This week's services:     Friday evening @ 7:00PM  -  Saturday morning @ 9:30AM

Friday night services will be held at the home of the Rabbi.  The address is 1506 Victoria Avenue.  Enter via the door nearest the driveway.

This week's parsha

Unless otherwise noted, "This week's Parsha" comprises articles taken from contributors to the website.  We show the original author's name here, so that proper attribution is given.  For the sake of brevity, footnotes cited in the original author's writings are omitted from this website.  If you need to see the citations, please refer to the original articles on the website.

Is My Body Mine?

The idea that "my body belongs to me" has been an important factor in making modern life more secular and libertine.  "My body belongs to me," some people say, "and therefore I can do what I like with it, as long as I do not harm other people."  It sounds logical enough.  We live with our bodies all the time.  We can understand that there should be rules about what we do to other people.  But my body is "me", so why should anyone else care?  Why should the Torah care?  Why should the Torah give rules for how I treat my own body?

Read more: Is My Body Mine?

Why Shechitah Is Important

The Jewish people today are facing many conflicts.  One of these concerns shechitah, the ritual slaughter of fowls, lambs and beef so that Jews are permitted to eat the meat.  A number of groups are applying pressure in an attempt to ban shechitah, or to impose government laws which would prevent it from being carried out effectively.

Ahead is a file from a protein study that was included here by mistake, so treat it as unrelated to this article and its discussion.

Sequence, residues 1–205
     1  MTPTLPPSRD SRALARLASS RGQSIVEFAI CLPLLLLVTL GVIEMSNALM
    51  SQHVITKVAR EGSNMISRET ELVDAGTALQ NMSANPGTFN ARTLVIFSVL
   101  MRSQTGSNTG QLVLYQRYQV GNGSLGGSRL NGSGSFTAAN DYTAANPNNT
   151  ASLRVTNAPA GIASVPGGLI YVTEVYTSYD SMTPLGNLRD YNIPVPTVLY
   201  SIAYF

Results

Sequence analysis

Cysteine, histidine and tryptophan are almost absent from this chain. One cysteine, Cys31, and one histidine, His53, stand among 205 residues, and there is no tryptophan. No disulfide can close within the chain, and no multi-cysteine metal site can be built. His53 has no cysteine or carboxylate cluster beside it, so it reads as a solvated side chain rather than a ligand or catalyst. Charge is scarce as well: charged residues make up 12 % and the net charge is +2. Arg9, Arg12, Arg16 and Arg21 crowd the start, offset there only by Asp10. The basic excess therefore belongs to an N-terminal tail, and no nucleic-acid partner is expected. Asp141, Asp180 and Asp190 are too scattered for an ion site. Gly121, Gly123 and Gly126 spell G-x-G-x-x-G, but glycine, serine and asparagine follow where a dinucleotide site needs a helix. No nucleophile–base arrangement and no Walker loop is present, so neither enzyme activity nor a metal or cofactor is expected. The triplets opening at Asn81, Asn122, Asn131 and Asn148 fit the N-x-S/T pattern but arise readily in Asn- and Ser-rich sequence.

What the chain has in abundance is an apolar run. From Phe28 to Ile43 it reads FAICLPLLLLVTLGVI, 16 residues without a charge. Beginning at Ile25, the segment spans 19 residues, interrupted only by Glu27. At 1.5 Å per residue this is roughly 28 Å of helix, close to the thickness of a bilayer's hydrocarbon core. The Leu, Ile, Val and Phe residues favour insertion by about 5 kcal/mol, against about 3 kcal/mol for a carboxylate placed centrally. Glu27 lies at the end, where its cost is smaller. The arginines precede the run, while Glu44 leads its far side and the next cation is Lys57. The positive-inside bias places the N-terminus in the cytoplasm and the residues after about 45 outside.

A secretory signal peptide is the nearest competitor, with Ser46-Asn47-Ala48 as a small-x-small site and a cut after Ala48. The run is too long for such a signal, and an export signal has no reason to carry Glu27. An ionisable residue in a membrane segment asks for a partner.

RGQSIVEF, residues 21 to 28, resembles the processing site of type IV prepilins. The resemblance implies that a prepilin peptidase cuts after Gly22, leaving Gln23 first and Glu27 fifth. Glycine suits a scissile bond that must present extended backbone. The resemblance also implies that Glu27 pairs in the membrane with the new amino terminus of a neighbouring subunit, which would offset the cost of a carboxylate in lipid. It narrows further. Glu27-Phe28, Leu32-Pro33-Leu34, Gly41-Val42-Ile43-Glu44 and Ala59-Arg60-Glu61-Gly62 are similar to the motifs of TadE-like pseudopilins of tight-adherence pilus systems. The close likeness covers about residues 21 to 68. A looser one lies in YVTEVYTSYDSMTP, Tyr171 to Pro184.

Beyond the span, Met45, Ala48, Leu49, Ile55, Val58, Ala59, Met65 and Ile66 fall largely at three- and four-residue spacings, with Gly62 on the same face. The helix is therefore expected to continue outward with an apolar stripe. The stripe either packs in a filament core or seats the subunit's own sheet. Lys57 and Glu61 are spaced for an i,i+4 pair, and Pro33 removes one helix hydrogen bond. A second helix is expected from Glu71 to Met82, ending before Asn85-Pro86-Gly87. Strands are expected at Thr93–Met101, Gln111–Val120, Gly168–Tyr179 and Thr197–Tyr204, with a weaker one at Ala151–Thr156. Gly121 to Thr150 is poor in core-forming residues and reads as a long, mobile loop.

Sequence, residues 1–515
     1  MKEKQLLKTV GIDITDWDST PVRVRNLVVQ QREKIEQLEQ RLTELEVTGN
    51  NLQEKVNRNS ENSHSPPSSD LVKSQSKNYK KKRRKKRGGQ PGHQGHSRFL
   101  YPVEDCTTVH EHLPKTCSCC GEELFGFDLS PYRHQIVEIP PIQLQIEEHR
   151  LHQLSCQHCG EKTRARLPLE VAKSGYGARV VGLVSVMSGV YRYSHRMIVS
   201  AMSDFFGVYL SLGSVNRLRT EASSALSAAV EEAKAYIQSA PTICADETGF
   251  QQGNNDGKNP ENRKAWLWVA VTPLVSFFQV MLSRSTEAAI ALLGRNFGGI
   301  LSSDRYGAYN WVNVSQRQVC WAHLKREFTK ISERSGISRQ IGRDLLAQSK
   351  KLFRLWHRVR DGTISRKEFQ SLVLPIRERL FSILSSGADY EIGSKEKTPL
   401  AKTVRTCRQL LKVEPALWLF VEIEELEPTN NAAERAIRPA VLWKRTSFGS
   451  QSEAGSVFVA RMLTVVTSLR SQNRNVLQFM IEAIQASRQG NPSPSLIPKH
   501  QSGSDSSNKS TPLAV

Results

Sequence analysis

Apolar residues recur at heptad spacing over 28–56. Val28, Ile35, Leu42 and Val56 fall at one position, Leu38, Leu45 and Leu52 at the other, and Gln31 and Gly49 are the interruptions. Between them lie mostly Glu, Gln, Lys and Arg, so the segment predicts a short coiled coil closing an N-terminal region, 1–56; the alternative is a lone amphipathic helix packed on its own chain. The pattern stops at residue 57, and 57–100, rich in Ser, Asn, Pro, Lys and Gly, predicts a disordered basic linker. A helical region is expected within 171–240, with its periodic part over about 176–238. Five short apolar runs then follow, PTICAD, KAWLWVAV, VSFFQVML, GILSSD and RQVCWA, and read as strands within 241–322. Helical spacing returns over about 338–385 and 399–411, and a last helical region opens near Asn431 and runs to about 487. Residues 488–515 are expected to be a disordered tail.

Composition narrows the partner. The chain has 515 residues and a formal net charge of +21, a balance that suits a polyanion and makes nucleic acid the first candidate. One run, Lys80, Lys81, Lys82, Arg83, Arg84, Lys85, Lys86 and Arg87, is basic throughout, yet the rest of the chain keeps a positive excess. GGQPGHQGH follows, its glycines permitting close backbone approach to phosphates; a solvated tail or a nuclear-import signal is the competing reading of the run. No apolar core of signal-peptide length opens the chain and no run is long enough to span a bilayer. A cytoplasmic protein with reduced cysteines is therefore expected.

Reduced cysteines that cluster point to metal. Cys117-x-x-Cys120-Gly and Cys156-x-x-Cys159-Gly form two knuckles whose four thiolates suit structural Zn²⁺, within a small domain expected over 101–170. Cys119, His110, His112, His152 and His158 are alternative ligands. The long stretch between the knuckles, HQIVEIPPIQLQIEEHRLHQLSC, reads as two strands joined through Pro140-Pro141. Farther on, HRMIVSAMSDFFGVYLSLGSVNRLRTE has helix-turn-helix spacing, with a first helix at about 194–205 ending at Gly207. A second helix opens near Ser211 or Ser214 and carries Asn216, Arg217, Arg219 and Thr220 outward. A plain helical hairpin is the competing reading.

Why is it important to protect our right to perform shechitah?

In practical terms, shechitah is virtually painless for the animal.  The special shechitah knife is honed razor sharp:  if it sliced a person's finger he would not feel it.  The act of shechitah generally cuts the carotid arteries, causing immediate cessation of the blood supply to the brain.  This is an effective, swift and pain-free stunning procedure.  Many contrast this with the fixed bolt form of stunning used in non-kosher slaughter which anti-meat-eating groups describe in very negative terms.

Read more: Why Shechitah Is Important

Dynamic Judaism

There are static systems and dynamic systems.  The static system is likely to have a strong and stable structure.  But because - by definition - it does not change, after a time, it may well start to decay and even to crumble.  By contrast, a dynamic system is one of movement, change and discovery.

If you were evaluating a business set up, you might ask yourself, "Static?  Or dynamic?"  This might affect your decision whether or not to join the firm as a director, or, if you were a banker, whether or not to lend it money.  You might think in the same way about a community:  "Static?  Or dynamic?"  Is there an atmosphere of healthy dynamism, of spirit, of excitement?  Or is it staid and rather boring, and young people are moving away?

Read more: Dynamic Judaism

In our thoughts


Please Donate

Please help our small shul with your tax deductible donation to our building fund.Thank you for your support!


The following businesses support the synagogue with their generous donations.
Your Ad Here

Please show your gratitude by supporting them.

Kiddush Club

Wanted: Kiddush Club sponsors

If you are celebrating a special occasion (birthday, anniversary, yahrzeit) and want to share it with the community, why not consider sponsoring a Kiddush Club Event?

Nice to know

Upcoming Events

Use the Kiddush Club Request Form (see menu) to publicize your upcoming simcha or yahrzeit by sponsoring a Shabbat kiddush.

Copyright © 2006-2019 Congregation Shaarey Zedek. All Rights Reserved.